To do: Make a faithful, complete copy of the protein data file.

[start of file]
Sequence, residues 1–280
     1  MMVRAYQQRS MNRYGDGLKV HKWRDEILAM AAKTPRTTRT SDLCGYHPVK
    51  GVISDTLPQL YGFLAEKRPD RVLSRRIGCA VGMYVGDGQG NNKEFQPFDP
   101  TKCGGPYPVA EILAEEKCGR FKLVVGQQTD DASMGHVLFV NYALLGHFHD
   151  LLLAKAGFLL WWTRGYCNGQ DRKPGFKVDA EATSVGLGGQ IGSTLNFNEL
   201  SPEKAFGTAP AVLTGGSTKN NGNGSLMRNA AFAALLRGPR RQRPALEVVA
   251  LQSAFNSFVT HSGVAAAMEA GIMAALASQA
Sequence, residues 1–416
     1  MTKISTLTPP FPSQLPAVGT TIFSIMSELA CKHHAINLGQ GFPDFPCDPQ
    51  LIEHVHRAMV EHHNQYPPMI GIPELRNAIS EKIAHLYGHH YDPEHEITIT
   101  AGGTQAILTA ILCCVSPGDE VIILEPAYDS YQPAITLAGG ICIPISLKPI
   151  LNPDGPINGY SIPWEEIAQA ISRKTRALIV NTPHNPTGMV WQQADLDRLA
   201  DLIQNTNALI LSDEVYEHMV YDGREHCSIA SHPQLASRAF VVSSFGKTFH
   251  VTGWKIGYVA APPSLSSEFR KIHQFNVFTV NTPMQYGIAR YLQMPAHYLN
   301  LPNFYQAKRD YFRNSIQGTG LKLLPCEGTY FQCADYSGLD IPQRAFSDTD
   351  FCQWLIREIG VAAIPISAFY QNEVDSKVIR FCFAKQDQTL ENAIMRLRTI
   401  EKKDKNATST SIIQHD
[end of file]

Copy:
Sequence, residues 1–280
     1  MMVRAYQQRS MNRYGDGLKV HKWRDEILAM AAKTPRTTRT SDLCGYHPVK
    51  GVISDTLPQL YGFLAEKRPD RVLSRRIGCA VGMYVGDGQG NNKEFQPFDP
   101  TKCGGPYPVA EILAEEKCGR FKLVVGQQTD DASMGHVLFV NYALLGHFHD
   151  LLLAKAGFLL WWTRGYCNGQ DRKPGFKVDA EATSVGLGGQ IGSTLNFNEL
   201  SPEKAFGTAP AVLTGGSTKN NGNGSLMRNA AFAALLRGPR RQRPALEVVA
   251  LQSAFNSFVT HSGVAAAMEA GIMAALASQA
Sequence, residues 1–416
     1  MTKISTLTPP FPSQLPAVGT TIFSIMSELA CKHHAINLGQ GFPDFPCDPQ
    51  LIEHVHRAMV EHHNQYPPMI GIPELRNAIS EKIAHLYGHH YDPEHEITIT
   101  AGGTQAILTA ILCCVSPGDE VIILEPAYDS YQPAITLAGG ICIPISLKPI
   151  LNPDGPINGY SIPWEEIAQA ISRKTRALIV NTPHNPTGMV WQQADLDRLA
   201  DLIQNTNALI LSDEVYEHMV YDGREHCSIA SHPQLASRAF VVSSFGKTFH
   251  VTGWKIGYVA APPSLSSEFR KIHQFNVFTV NTPMQYGIAR YLQMPAHYLN
   301  LPNFYQAKRD YFRNSIQGTG LKLLPCEGTY FQCADYSGLD IPQRAFSDTD
   351  FCQWLIREIG VAAIPISAFY QNEVDSKVIR FCFAKQDQTL ENAIMRLRTI
   401  EKKDKNATST SIIQHD